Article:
There’s also a What on Earth radio show! This week, guest host Lisa Johnson looks at the climate argument to eating less meat, the businesses pushing to replace it and the challenges of making that happen in Canada. What on Earth airs Sunday at 12:30 p.m., 1 p.m. in Newfoundland, and is available any time on podcast or CBC Listen.
The Big Picture: The future of the Amazon rainforest
The health of the Amazon rainforest has been a concern for decades, as vast swaths have been developed for logging and agriculture — activities that have contributed to wildfires and generally reduced the capacity of one of the world’s most biodiverse areas. (The notion that it represents “the lungs of the world,” however, has come to be seen as hyperbole.) Then, there’s the not-insignificant fact that people — many of them Indigenous — live in the rainforest, which spans an estimated 5.5 million square kilometres and multiple countries. A study recently published in the journal Nature Communications suggests destruction of the Amazon is such that as much as 40 per cent of it could become savannah. What does that mean? Rainforests can support a much wider range of plants and animals, and their ability to sequester carbon means they play a key role in regulating climate.
Hot and bothered: Provocative ideas from around the web
This week, Canada announced a list of the single-use plastic products it is planning to ban by the end of 2021, including plastic bags and some takeout containers.
A group of Canadian youth is suing the federal government, charging that Canada hasn’t done enough to combat climate change. While government lawyers are making the case that the courts are not really the place to enforce environmental protections, a Dutch Supreme Court decision from last year offers a counter-narrative. It found that climate change poses a risk to citizens’ right to life, essentially suggesting that the country’s poor climate plan was a human rights violation.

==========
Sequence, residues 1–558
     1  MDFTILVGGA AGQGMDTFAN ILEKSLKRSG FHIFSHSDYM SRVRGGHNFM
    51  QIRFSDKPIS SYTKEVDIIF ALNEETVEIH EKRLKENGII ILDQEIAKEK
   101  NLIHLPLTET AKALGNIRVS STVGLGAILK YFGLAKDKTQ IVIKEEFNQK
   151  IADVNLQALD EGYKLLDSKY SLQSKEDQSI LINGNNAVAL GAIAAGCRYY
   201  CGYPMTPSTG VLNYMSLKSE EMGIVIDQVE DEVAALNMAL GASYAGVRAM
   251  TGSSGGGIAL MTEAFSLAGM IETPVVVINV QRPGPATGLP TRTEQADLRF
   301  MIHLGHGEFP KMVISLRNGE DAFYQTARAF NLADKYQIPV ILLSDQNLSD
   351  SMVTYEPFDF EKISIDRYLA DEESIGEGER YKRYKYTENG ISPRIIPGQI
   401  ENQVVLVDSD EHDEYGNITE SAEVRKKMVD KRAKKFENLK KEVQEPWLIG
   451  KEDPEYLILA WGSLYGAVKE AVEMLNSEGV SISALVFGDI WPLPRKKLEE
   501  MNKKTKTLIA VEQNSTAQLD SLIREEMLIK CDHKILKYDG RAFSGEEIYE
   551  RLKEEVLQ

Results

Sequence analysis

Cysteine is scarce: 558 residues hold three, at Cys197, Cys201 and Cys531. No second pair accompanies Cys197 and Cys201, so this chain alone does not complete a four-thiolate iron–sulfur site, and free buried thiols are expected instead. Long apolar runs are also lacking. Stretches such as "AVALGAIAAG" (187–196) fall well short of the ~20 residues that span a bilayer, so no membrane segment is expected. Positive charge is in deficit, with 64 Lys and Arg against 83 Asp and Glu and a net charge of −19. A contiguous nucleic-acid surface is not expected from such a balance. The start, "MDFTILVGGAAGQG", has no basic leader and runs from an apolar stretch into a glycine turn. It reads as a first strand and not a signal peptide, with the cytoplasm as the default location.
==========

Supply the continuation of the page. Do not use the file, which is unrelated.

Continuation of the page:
Drilling for oil and gas has always been an environmentally toxic undertaking, but it’s only in recent years that banks have started to acknowledge it. While the U.S. government recently opened up the Arctic National Wildlife Refuge in Alaska for drilling, Canada’s biggest bank, RBC, recently said it would not finance any projects there, “due to its particular ecological and social significance and vulnerability.”
- Our colleague Alex Panetta laid out how the next U.S. president — whether it’s Donald Trump or Joe Biden — could affect Canada’s energy and environmental future.
Cleaning the forest could help fight fires — but it won’t be easy
As John Davies walks through a burned-out forest in the hills outside Penticton, B.C., a small cloud of ash puffs up around his boots. The ground is scorched and tree trunks are blackened.
In late August, a fire ripped through this tinder-dry area. Hundreds of people living in nearby homes were forced to flee. Walking along a dirt road that snakes its way through the forest, Davies explained how firefighters made a stand.